I recently recieved an email from a concerned citizen who wrote:
As a homeowner and taxpayer in your Ward, I feel strongly that the regulation of pesticides should remain the jurisdiction of the Federal and Provincial governments, and that it has no place on the municipal agenda. In my opinion, the City of Guelph has spent an inordinate amount of taxpayers money and Staff’s time in addressing this issue over the last number of years. Please leave pesticide regulation in the hands of the scientists at Health Canada, who have the expertise and the resources to regulate this issue from a scientific and not an emotional perspective.
Thank You very much for your email, pesticide use within the City of Guelph has indeed been a very long and expensive debate for our local government. This was one of the reasons (whether you agree with the direction or not) that I was firmly resolved that council clearly and definitively take a stand on the issue rather than drag out the debate for another 6 years.
However, you make an excellent point that policy must be based upon hard science from qualified experts rather than out of misguided emotion or political posturing. It was with this perspective that I have spent weeks going over the available literature from a wide range of fields before making an informed decision.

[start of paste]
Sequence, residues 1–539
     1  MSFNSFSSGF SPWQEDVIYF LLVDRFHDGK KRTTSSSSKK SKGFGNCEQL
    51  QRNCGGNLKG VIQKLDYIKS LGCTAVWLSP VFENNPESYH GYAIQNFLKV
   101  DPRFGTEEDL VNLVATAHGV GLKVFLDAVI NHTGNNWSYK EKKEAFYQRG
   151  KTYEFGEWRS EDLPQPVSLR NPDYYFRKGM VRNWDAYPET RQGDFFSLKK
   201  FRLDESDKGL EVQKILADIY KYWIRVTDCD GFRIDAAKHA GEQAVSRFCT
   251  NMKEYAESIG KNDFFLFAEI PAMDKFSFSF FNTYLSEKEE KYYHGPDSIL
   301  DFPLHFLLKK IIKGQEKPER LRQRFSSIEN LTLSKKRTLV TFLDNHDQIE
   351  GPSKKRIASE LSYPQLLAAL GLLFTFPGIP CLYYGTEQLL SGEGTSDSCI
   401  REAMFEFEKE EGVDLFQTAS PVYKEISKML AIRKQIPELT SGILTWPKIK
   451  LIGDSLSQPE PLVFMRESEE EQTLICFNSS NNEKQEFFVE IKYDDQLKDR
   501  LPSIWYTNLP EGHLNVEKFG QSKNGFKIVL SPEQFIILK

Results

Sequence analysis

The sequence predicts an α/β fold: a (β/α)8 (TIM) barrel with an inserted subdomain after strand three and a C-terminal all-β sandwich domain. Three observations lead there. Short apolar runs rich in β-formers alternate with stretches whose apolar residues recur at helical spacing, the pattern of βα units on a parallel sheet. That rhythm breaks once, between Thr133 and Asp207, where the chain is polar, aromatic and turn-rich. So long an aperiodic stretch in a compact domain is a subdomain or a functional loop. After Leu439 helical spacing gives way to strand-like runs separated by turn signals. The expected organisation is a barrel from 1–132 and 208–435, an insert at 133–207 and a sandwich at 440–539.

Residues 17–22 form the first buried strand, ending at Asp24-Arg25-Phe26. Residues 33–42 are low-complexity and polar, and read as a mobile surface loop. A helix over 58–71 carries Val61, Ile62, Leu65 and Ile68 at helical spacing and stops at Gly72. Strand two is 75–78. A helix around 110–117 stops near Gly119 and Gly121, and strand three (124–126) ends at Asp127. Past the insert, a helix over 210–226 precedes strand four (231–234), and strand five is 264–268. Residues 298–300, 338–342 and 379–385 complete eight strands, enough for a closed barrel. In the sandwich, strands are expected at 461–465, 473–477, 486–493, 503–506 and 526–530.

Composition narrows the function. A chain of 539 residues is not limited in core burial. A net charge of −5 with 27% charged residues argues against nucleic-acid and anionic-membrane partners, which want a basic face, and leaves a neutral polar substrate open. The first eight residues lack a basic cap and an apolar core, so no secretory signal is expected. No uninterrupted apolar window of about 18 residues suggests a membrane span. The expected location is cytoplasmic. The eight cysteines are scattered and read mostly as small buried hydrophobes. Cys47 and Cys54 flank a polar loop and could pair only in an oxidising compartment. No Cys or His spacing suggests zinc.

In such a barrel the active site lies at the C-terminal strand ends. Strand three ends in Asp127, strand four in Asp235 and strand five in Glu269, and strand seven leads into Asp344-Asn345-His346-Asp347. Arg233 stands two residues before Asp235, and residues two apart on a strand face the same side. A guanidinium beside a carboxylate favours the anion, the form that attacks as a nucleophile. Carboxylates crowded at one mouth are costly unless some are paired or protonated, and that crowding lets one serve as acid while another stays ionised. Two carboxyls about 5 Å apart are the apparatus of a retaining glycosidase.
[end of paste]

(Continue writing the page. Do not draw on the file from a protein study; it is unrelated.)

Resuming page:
One of the first things I realised was that “scientific research” must be put into perspective with the ideology or political mandate of the sponsoring agency. As an example; anti-pesticide groups reference scientific literature against pesticides while pro-pesticide groups will reference neutral or supporting scientific research.
Health Canada’s mandate is to protect human health within the context of product regulation; “to minimize the risks associated with pest control products, while enabling access to pest management tools.”
This mandate is clearly about managing product regulation while ensuring a reasonable margin of safety rather than the sole purpose of protecting the health of Canadians and the ecosystem we live in. (This is the same Federal department that regulates cigarettes, a product that they admit on their website will kill over 37,000 people this year alone)
The other troubling aspect of Health Canada’s policy making procedure in this regard is its reliance on the ’scientific research’ conducted by the manufacturers of the products in question. While Health Canada purports to base its policy on sound scientific research, the regulatory agency does not specifically reference the scientific literature that it uses in making these recommendations.
By contrast, the College of Family Physicians of Canada mandate includes the maintenance of high standards of medical care, education and maintaining the reputation of excellence of family medicine in the face of an explosion of new clinical discoveries on an annual basis.
As a result of extensive, peer reviewed scientific studies conducted by respected health institutions; the CFPC and the Ontario Chapter have clearly expressed an opinion on the non-essential use of pesticides.
Our review has found evidence of serious harmful effects in several areas including cancer, reproductive effects and impacts on the nervous system. These effects are found in both occupational and home and garden exposures